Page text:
Russian forces succeeded in occupying the city of Ivankiv, 80 kilometers (50 miles) north of Kiev, and now control the surrounding region on the border with Belarus, according to Ukraine.

Health care workers in Ukraine are fighting an additional battle against rising COVID-19 infections that are causing available hospital beds to disappear. “Bombing takes place from morning into night. Thank god a bomb has not yet hit our hospital. But it could hit at any time,” Dr. Pavel Nartov, director of the Kharkov Clinical Infections Disease Hospital, told the AP.

Russian Defense Ministry spokesman Igor Konashenkov claimed Russian forces have destroyed 111 Ukrainian aircraft, 160 drones, and more than 1,000 tanks or other military vehicles since the start of what he continued to call Russia’s “special military operation” in Ukraine.

Some of the hope generated by the peace talks seemed to spill over into Mariupol yesterday as 20,000 people managed to leave the city in 4,000 vehicles, according to Zelensky’s office.

The prime ministers of Poland, the Czech Republic, and Slovenia went back to Poland yesterday after their visit to Kiev which, they said, was a show of support for the country.

In Moscow, meanwhile, a Russian TV producer was released after being held for 14 hours by police after she interrupted a live news broadcast with an anti-war message.

The bodies of bombing victims are put into a mass grave on the outskirts of the besieged city of Mariupol, Ukraine, March 9, 2022, as people cannot bury their loved ones due to the heavy shelling by Russian forces. | Evgeniy Maloletka / AP

Marina Ovsyannikova walked into the studio during Monday’s evening news show with a poster saying, in Russian, “Stop the war, don’t believe the propaganda, they are lying to you here.” In English, it said, “No war” at the top of the poster and “Russians against the war” at the bottom.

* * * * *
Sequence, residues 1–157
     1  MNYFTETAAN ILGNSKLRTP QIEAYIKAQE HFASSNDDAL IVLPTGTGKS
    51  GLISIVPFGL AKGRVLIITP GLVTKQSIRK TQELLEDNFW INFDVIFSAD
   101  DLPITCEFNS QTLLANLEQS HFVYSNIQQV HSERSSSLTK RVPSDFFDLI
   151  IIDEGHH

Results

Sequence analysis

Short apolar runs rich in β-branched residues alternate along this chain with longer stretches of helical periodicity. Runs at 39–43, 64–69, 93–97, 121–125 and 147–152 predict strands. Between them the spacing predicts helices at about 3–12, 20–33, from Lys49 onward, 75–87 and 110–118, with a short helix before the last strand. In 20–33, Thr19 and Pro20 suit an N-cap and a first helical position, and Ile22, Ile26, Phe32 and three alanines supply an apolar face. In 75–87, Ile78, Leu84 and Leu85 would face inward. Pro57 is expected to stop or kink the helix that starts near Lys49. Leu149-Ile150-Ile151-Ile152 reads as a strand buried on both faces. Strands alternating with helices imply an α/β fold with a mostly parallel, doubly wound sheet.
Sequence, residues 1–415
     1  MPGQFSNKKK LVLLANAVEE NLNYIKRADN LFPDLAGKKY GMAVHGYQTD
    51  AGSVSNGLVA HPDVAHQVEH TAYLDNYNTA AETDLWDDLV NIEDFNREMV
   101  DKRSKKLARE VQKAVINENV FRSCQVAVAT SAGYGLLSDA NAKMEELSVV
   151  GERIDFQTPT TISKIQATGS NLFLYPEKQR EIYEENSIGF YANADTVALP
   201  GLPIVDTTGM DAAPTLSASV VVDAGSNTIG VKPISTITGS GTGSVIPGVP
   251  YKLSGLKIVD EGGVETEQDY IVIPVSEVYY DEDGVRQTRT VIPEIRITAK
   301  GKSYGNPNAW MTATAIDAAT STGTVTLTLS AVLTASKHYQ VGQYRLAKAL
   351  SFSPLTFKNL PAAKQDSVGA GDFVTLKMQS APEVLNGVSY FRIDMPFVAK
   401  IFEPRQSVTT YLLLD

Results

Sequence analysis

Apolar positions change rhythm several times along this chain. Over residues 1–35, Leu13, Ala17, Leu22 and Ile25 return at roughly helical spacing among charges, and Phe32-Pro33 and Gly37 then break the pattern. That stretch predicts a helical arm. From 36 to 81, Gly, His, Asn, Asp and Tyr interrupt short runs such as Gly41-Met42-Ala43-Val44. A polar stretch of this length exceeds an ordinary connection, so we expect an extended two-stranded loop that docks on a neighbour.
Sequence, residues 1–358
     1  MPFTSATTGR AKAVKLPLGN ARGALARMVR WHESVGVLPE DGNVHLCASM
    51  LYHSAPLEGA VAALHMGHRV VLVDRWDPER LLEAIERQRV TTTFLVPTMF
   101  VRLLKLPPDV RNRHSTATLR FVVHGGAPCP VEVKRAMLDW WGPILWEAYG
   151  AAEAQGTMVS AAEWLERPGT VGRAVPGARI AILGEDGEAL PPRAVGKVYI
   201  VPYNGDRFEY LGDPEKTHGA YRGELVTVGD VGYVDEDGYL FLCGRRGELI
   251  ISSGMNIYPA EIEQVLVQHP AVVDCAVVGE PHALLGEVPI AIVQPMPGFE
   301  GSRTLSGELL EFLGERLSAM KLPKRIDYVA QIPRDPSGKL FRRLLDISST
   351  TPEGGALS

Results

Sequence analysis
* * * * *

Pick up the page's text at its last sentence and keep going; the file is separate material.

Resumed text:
She also shouted, “No to war—stop the war” and was visible to the channel’s millions of Russian viewers for a few seconds before it switched to a different report.

Russia’s TASS news agency cited police sources as saying she had been fined $270 and could face charges under new legislation making “discrediting the armed forces” or spreading “false information about the use of the armed forces” illegal.

In a pre-recorded video she posted after her protest, Ovsyannikova said she had one Ukrainian and one Russian parent, and the two nations were “never enemies.”

The Associated Press contributed to this article.


John Wojcik
John Wojcik

John Wojcik is Editor-in-Chief of People's World. He joined the staff as Labor Editor in May 2007 after working as a union meat cutter in northern New Jersey. There, he served as a shop steward and a member of a UFCW contract negotiating committee. In the 1970s and '80s, he was a political action reporter for the Daily World, this newspaper's predecessor, and was active in electoral politics in Brooklyn, New York.